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Stocks surge on good news

| Thursday, Nov. 25, 2010

NEW YORK -- Stocks ended Wednesday on a positive note after a batch of economic reports offered hope that the economy was improving.

Incomes rose last month and consumer spending climbed for a fifth month. That raised hopes that shoppers will hit the malls in droves the day after Thanksgiving, the start of the holiday shopping season.

At the same time, fewer people claimed unemployment benefits last week, a sign that the labor market is recovering.

"There are fundamental signs that the economy is turning a corner," said John O'Donoghue, co-head of equities at Cowen & Co.

The Dow Jones industrial average soared 150.91, or 1.4 percent, to 11,187.28.

The Standard & Poor's 500 index gained 17.62, or 1.5 percent, to 1,198.35. The Nasdaq composite index rose 48.17, or 1.9 percent, to 2,543.12.

The upturn marked an abrupt reversal from Tuesday, when an exchange of artillery fire between North and South Korea led nervous investors to sell stocks and dash into gold, Treasurys and other assets often used as hiding spots. Investors also shrugged off a steep fall in new home sales and manufacturing orders.

Tim Speiss, chair of the wealth advisory group at EisnerAmper, said investors were right to focus on the improved signs in employment and consumer spending, which are far more important to an economic resurgence than home sales or manufacturing orders.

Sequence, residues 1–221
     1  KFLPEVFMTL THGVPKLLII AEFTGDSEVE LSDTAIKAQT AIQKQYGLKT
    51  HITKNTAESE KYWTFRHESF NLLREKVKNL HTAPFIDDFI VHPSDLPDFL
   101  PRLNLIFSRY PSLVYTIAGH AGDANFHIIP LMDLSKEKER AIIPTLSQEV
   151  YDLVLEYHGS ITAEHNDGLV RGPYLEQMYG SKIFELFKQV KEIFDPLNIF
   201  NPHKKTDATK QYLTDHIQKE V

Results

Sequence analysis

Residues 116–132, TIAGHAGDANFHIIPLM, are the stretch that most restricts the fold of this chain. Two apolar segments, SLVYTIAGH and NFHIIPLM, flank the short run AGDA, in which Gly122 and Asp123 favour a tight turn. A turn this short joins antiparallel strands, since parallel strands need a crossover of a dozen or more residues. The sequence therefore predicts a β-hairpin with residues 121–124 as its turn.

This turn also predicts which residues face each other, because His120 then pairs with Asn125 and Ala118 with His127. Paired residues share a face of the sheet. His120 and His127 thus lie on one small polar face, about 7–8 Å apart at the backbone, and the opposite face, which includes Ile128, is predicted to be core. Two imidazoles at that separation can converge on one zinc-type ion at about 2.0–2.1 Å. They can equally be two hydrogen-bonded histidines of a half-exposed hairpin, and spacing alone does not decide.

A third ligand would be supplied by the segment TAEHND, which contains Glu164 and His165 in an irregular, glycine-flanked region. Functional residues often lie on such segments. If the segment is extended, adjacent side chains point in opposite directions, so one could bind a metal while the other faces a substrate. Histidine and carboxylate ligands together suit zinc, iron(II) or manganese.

"If we don't have strong consumer spending in this economy, we're in trouble," Speiss said. "When there's spending, manufacturing will increase to meet that demand."

The government said first-time claims for unemployment benefits fell 34,000 to 407,000 last week. That was much better than the 435,000 new claims economists had expected.

A separate report showed that Americans' incomes rose 0.5 percent last month, slightly better than expected. Their spending rose 0.4 percent, up slightly from September.

Safety assets moved lower as investors became more willing to take on risk. Treasury prices edged lower, pushing their yields higher. The yield on the 10-year note rose to 2.92 percent from 2.77 percent Tuesday. Gold fell to $1,375 an ounce, down from $1,379.

Investors largely dismissed downbeat reports that showed declines in sales of manufactured goods and new home sales. Orders for durable goods fell 3.3 percent, while new home sales and median home prices both fell last month. Sales of single-family houses slid 8.1 percent, the fourth time the rate has dropped in the past six months.

U.S. stock and bond markets will be closed today. They will reopen for half-day sessions Friday.

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